The Chapmans came over and we had a little chat. His spuds really aren't growing well which is a mystery as mine are looking great. Of course, there is no telling what is happening under ground! Plan to pop up after school on Tuesday for another strawberry and pea picking as it is school sports day and hopefully my darling will be able to get the afternoon off work. He wants to see how everything is shaping up. I shall have to moan about the long grass to see if it will encourage him to cut it for me!
Friday 9th June 2006 - Weather: hot and balmy
Firstly I must applogise as this is being published a week late! Why, becuase I have been so busy during the days, and so tired and fed up with my hayfever at night, I just haven't gotten around to it.
Okay, thinking back. I arrived and what a stunning morning. Of course I forgot to wear a hat or have any sunblock on so I figured I would have a sore back by the time I went to collect the kids. Jack, bless him, had cut all of my paths for me. I really should give him some money for the petrol.
First port of call, the brassica bed. Where did all the weeds spring up from? Picked a fabulous spring cabbage. It is a round one called spring something, but of course I can't remember what! It was from a pack of brassica plantlets I purchased from Thompson & Morgans. Lovely firm heart, about the size of a football. Plenty of crunch coleslaw next week! Tidied up the rhubarb which resides within the brassica cage, and filled any gaps with new brassica plantlets. Planted a mix of red bull brussel sprouts, purple sprouting, red cabbage and cauliflowers. The brassica bed is crammed now. I am planning to sow some more kohl rabi direct in there as they are quick to mature, but I don't tend to have any luck sowing brassicas direct. Will have to see how they go.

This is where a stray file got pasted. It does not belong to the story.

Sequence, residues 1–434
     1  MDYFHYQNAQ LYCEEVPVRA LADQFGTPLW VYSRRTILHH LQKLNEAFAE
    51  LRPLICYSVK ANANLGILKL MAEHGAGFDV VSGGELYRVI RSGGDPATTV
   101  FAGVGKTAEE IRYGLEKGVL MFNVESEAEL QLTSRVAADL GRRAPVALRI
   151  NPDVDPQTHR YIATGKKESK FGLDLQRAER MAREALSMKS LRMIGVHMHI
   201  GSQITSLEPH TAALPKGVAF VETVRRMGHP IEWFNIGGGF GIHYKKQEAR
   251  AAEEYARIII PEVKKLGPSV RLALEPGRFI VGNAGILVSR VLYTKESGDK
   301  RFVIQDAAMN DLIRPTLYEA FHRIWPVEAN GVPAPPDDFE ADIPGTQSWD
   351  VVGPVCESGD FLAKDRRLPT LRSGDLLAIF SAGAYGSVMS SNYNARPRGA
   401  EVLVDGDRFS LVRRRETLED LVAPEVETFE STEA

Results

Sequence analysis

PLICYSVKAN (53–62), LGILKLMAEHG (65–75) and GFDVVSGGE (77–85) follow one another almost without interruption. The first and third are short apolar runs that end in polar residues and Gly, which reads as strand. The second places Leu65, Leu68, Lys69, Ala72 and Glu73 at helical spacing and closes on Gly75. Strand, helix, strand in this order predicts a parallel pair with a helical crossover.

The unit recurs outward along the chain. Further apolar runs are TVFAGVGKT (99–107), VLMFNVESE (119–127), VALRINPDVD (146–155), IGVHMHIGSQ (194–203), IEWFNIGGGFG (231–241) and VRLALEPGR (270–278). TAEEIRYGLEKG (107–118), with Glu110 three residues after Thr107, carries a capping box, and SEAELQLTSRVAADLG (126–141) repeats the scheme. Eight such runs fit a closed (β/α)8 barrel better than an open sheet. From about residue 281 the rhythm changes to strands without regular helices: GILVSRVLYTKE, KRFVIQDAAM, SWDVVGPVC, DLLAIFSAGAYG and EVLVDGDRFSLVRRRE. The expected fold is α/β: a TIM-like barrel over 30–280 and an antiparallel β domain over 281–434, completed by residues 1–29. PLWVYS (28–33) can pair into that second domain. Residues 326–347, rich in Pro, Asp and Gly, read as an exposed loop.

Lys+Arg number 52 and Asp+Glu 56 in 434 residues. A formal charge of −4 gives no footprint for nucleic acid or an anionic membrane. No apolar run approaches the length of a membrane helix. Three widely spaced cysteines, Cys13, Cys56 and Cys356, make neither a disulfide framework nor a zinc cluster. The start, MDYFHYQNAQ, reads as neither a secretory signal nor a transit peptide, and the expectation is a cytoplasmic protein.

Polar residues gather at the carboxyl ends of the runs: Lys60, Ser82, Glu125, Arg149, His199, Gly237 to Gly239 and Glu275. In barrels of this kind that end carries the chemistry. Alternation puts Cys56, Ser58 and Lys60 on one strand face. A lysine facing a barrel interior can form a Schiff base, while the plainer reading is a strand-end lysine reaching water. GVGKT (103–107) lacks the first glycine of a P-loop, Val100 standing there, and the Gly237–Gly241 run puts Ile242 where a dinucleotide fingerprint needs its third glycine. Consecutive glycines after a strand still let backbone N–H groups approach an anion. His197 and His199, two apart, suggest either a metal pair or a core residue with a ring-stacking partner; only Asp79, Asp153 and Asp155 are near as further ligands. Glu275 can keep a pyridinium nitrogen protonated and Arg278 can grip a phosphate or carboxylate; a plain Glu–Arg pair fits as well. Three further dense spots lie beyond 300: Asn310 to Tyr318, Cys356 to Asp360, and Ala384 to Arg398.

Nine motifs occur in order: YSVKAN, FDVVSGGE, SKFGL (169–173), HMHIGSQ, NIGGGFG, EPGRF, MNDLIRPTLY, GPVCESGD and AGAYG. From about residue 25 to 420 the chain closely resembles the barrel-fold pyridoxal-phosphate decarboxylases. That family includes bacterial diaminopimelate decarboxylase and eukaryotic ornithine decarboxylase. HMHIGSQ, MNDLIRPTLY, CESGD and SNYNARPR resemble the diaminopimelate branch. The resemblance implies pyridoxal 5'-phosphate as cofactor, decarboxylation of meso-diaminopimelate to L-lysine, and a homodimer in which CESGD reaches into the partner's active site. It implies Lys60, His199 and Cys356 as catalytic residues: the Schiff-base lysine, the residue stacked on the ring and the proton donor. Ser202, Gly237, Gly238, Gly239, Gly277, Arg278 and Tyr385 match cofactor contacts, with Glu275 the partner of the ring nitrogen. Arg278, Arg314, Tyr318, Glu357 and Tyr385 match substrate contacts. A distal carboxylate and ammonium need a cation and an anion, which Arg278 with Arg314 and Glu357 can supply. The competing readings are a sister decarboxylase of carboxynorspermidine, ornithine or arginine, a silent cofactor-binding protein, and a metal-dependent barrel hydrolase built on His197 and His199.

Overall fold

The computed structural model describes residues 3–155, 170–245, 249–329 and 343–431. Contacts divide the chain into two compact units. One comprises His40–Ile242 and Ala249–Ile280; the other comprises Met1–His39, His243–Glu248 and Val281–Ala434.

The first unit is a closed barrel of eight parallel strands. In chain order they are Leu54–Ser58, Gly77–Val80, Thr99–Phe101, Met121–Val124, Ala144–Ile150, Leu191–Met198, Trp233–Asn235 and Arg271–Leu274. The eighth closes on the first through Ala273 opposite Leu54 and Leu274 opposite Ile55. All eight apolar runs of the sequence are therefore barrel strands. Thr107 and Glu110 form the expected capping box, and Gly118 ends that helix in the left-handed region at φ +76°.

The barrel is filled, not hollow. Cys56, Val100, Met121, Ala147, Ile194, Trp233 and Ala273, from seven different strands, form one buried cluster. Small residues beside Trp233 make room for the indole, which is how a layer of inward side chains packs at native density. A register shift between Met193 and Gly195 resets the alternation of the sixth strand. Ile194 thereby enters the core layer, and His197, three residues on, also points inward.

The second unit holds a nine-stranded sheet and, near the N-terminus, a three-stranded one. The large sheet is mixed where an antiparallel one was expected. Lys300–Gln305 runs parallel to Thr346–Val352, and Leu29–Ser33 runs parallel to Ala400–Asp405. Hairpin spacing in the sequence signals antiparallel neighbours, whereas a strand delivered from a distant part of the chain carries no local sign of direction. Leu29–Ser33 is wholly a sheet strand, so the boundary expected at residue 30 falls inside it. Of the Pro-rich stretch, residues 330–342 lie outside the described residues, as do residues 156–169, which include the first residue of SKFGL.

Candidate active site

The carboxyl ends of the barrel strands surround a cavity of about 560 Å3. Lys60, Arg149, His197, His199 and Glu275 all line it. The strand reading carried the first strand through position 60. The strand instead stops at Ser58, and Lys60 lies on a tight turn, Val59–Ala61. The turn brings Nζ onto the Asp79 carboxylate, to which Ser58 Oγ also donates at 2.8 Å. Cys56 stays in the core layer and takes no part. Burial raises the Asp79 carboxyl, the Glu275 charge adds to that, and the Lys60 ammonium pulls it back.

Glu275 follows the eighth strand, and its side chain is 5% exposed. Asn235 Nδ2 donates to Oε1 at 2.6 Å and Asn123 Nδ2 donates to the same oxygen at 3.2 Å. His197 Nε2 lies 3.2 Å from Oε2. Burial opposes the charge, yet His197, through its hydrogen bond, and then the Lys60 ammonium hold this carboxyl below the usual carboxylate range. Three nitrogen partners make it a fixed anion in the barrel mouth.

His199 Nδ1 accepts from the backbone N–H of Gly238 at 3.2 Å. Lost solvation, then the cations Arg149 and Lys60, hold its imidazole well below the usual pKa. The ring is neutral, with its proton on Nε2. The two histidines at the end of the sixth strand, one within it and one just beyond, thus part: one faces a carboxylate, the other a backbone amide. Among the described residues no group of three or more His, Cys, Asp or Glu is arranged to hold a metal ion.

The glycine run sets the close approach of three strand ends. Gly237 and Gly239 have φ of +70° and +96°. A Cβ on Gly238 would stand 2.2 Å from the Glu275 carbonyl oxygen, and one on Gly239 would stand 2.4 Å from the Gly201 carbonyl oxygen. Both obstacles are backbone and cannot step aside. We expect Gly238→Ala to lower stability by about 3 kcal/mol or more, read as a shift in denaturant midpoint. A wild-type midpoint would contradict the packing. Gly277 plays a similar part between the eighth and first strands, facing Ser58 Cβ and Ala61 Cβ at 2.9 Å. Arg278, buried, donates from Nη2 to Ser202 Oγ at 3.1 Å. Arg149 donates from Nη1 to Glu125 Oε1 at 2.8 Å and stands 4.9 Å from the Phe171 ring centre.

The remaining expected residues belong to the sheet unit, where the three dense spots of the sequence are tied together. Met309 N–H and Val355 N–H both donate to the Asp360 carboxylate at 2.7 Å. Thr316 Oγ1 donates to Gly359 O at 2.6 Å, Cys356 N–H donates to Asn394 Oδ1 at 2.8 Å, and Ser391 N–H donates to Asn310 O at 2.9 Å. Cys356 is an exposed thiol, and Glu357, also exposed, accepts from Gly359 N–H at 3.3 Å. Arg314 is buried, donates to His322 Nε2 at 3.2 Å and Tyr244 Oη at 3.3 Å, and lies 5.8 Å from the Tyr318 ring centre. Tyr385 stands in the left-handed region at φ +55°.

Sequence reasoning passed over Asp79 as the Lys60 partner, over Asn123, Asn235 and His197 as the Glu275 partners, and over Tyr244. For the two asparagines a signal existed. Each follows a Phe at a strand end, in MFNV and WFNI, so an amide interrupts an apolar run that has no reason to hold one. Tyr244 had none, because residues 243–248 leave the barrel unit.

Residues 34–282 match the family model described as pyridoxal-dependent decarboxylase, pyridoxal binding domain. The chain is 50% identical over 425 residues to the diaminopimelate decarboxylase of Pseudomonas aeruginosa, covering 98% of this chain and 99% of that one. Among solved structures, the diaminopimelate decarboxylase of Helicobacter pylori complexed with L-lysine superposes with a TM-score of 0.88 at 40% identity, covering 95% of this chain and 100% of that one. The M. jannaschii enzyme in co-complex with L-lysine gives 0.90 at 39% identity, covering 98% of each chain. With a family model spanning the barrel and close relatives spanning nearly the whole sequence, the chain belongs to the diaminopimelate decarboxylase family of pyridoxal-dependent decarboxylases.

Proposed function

Carried on weeding down the plot as far as the apple trees. Cleaned around the broadbeans and finally there are pods showing. The plants have gone crazy and a couple are nearly 5 foot tall! No sign of blackfly....yet! Loads and loads of peas - 2 batches of Kelvedon glory, 1 batch of early onwards and 1 batch of aldermans. Picked a carrier full of peas from early onwards and noticed that there are plenty of young pods developing on the kelvedons. The aldermans are reaching for the skies and are just getting flowers. Should have a good succession of peas. I really want to try and freeze some this year for later in the year....if only I can stop daughter number one scoffing them as she shucks them!